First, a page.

The Korea Enterprises Federation (KEF) submitted an opinion to the government Wednesday requesting the withdrawal of the government's revised bill to the Capital Markets Act. The current law prohibits shareholders’ intervention in company’s management if they hold five or more percent of a company’s shares and it is solely for the purpose of investment. However, the revision, which was announced by the government last month, would allow public pension fund providers such as National Pension Service (NPS) to change company rules if it is to improve the corporate governance structure, and to respond to irregularities committed by a company or a board member.
This means the NPS can express its opinions on management even though it is an “investment-only” shareholder. This new change is part of President Moon Jae-in’s efforts to enhance the so-called stewardship code of the NPS and keep the heads of conglomerates in check, which was one of Moon’s elections promises.
The NPS is the largest investor in South Korea managing 630 trillion won, 130 trillion won of which is invested in the domestic stock market. It is an investment-only shareholder of almost 300 listed companies. If implemented, the revised act would make it much easier for the pension provider to become involved in management.
What is more, some articles of the revision simply do not make sense. The revision says changing rules does not affect management, but this is nonsense. It also bucks the global trend in which more obligations are imposed on pension providers to report to the financial authorities.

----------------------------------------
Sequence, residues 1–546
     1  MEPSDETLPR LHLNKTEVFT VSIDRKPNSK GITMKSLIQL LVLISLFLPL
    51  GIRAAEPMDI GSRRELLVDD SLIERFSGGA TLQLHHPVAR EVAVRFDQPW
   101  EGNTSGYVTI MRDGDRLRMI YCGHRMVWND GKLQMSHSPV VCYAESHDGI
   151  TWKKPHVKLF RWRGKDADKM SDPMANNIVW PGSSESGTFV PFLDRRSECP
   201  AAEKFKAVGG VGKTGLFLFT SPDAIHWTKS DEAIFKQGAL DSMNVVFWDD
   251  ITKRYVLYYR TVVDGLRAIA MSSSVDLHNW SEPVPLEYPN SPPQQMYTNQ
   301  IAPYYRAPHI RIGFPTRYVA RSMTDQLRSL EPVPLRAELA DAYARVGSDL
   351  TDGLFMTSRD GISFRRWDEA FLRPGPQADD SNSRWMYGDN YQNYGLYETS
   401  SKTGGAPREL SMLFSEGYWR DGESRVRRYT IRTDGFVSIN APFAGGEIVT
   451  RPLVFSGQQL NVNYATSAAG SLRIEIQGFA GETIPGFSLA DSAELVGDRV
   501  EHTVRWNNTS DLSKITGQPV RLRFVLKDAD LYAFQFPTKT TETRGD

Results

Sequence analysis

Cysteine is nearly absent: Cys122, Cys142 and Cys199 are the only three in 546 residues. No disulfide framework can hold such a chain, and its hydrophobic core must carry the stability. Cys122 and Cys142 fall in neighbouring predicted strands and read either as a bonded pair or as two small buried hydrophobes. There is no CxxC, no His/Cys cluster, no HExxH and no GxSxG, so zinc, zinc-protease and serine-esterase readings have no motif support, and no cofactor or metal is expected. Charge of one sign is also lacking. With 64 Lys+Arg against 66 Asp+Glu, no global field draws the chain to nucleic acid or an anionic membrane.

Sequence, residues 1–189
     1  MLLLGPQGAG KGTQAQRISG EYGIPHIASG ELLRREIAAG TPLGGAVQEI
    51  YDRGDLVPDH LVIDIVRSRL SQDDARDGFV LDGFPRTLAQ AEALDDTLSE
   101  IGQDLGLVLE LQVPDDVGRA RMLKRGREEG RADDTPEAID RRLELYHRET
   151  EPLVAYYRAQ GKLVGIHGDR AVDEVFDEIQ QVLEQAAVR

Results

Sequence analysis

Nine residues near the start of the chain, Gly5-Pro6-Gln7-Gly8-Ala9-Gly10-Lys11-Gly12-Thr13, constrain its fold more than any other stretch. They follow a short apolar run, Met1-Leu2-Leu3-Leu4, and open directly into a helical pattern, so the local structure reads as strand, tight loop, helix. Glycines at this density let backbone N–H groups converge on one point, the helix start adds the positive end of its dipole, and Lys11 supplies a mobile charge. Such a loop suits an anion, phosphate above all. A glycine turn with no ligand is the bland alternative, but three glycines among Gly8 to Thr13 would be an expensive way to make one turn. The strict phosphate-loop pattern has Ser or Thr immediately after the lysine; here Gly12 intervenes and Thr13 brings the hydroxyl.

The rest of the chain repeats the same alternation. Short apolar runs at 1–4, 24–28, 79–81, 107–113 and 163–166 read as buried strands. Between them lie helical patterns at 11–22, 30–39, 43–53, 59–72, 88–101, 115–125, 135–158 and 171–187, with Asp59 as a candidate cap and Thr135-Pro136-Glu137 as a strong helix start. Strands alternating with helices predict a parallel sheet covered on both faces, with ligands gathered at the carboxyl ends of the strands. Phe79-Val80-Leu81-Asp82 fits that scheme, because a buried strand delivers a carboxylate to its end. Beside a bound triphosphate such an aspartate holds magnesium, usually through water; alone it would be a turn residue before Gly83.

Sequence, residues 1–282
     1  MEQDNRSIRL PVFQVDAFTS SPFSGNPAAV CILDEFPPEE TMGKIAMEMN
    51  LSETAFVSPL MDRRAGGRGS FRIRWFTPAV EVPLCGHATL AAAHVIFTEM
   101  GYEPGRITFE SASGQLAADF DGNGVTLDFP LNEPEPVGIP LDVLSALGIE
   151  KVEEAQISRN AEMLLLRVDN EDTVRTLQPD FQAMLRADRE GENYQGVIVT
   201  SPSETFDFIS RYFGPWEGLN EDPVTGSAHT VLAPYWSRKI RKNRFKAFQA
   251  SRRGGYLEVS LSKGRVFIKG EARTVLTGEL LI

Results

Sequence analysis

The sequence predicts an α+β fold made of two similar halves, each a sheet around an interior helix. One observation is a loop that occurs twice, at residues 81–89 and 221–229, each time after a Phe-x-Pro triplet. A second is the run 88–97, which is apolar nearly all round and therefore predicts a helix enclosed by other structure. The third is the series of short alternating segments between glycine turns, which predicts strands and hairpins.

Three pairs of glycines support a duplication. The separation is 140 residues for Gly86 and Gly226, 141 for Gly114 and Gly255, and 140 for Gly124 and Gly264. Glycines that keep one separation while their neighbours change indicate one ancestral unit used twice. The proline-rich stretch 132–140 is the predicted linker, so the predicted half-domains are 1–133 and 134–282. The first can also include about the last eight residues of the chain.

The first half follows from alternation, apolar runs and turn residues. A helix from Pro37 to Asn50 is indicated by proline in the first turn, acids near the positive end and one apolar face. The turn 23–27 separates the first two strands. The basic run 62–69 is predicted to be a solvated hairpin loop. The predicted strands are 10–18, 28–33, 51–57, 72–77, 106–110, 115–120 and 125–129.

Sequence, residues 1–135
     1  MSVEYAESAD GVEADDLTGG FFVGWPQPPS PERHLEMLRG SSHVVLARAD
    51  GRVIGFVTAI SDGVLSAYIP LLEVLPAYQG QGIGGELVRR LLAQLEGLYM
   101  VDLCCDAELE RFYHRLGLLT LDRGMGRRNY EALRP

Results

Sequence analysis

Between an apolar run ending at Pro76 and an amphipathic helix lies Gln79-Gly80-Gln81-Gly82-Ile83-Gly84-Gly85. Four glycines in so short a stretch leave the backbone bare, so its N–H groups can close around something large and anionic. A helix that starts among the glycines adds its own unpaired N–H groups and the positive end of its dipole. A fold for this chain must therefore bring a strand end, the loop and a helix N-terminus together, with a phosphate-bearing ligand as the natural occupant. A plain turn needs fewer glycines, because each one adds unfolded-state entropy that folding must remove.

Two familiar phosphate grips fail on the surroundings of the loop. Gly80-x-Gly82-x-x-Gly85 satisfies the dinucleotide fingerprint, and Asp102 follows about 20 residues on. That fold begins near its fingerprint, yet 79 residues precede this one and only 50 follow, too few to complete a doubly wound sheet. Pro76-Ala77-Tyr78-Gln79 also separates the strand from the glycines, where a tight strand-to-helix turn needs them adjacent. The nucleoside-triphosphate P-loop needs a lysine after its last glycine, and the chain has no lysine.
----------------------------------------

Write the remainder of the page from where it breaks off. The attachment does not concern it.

The National Pension Service Investment Management has already tried intervening in management by using people’s retirement income. It objected to the late Hanjin Group Chairman Cho Yang-ho and SK Group Chairman Chey Tae-won being elected as directors in March, citing “undermining corporate values” and “encroaching on shareholder’s right.” If the government-controlled institution is given the power to influence the decisions of almost every major company or CEO, South Korea will face pension fund socialism.
People entrusted the government with the management of their money to prepare for their life in retirement, not for it to use the fund for punishing the companies that it does not approve. If the revision is truly to increase its long-term return on investment, the first thing that should change is the corporate governance structure of the NPS. Among 17 OECD member nations that allow public pension providers to have voting rights, South Korea is the only country where the head of the institution is appointed by the president. The revised Capital Markets Act does not even require discussions in the National Assembly to be adopted. The revised bill needs an all-out re-examination.